While the world leaders will be deliberating on climate change and biodiversity in the coming months in Glasgow and Kunming and many policies will be chalked out for meeting those trajectories or pathways for a better world which is decarbonised more than the past and more diverse in species than the past, there are many low hanging fruits which industry and policy makers can pursue. Expectations from India are also increasing especially in view of the announcement made by its neighbouring country China regarding achieving carbon neutrality by 2060. Resource stewardship is very well engrained in the Indian ethos and we have always been trying to do better in this area. This becomes far more important when the convergence of circularity, resource efficiency and sustainability is being tried by all stakeholders globally.
Steel is one of the most recyclable materials and widely traded commodities. While Blast Furnace (BF) – Basic Oxygen Furnace (BOF) route, using iron ore as raw material, has been the dominant mode of steel production in India, steel production using scrap is increasingly gaining traction given the focus on resource efficiency and circularity. As an integral part of the steel ecosystem, the secondary steel producers using Electric Arc Furnace (EAF) will therefore continue to play a major role in the coming days. In countries like USA, Spain and Mexico, the share of steel production through EAF route has been more than 60% while in Italy, Iran and Middle East, it is more than 80%.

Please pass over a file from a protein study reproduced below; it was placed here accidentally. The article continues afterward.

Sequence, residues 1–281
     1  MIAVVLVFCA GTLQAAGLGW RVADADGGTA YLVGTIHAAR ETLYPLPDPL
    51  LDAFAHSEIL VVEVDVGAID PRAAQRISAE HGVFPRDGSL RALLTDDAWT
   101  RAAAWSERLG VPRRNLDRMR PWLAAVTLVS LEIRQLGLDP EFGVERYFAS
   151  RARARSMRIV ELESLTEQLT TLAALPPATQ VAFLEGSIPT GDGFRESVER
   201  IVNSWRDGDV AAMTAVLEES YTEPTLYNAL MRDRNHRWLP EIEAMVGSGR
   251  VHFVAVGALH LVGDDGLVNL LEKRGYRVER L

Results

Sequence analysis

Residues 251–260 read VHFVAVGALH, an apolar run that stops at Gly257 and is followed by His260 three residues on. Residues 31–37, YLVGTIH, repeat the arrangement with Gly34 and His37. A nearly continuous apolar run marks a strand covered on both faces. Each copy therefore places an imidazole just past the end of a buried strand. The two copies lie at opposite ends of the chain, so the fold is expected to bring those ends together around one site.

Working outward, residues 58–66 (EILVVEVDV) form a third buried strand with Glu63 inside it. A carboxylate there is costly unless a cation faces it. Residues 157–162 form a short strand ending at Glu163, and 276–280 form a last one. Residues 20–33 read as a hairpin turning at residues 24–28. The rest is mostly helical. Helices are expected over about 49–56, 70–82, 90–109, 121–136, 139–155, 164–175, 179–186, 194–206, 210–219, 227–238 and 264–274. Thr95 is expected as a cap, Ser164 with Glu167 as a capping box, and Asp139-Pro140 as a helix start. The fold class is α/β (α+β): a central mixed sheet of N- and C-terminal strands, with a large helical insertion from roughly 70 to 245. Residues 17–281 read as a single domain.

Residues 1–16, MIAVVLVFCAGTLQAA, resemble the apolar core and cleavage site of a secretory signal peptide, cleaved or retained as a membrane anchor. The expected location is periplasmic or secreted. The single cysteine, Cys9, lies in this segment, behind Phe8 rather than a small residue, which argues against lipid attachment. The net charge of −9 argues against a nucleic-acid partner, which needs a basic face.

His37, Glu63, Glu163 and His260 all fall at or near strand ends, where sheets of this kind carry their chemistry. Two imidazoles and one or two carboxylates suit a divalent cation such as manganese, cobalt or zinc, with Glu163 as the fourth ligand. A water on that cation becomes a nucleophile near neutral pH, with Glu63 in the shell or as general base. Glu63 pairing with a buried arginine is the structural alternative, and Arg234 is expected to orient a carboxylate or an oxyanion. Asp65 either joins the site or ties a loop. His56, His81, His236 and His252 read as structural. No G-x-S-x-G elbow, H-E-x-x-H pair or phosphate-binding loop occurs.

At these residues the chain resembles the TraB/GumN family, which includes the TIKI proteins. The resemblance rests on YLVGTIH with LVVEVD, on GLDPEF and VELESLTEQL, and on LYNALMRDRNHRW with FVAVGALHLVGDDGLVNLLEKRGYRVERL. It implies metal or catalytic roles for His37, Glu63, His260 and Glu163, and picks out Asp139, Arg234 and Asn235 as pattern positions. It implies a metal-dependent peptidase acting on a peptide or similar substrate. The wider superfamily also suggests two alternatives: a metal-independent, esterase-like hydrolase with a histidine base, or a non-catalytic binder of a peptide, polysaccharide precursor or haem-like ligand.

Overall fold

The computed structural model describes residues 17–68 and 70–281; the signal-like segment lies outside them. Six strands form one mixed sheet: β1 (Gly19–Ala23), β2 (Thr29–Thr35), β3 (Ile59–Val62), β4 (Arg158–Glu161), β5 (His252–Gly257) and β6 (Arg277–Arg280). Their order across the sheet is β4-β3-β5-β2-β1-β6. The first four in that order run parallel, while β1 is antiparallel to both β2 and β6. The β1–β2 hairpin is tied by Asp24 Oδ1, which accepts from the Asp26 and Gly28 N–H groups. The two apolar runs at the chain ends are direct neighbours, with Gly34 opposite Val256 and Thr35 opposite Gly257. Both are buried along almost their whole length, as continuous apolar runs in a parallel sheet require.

As compared to the BOF route, the EAF route saves energy by 16%-17%, reduces water consumption by 40% and GHG emission by 58%. The National Steel Policy envisages expansion of Indian steel production capacity to 300 MnTPA by 2030, 35%-40% of which should be contributed by EAF route. Government of India has taken many steps like vehicle scrappage policy for making scrap available to the steel sector and is also working on making electricity cheaper and effecting tax reform related to scrap. These endeavours will go a long way in decarbonisation, resource efficiency and circularity.
Tax reform has been many a times focussed on emphasising low tax rate, imbibing information technology for compliance and widening the tax net. Introduction of GST has been a major successful step towards this end as GST has not only consolidated indirect taxes but has also brought many taxpayers, hitherto part of the unorganised sectors, under the purview of taxation.
Scrap industry is mostly unorganised. GST rate on scrap is 18%. There can be possibilities of non-compliance in correct invoice and the major effect of such non-compliance is disruption in supply chain. GST rate reduction (from 18% to 5%) will be a big motivator for scrap dealer to comply with the rules. It is important to note that scrap is not the final product and is ultimately consumed by the steel industry, and hence the rate reduction is less likely to result in any revenue loss for the government. Further, the low tax rate can also increase tax base, thereby increasing the tax revenue for the government while also enabling consistent supply of scrap to steel makers and helping them meet their objective of resource stewardship and circularity.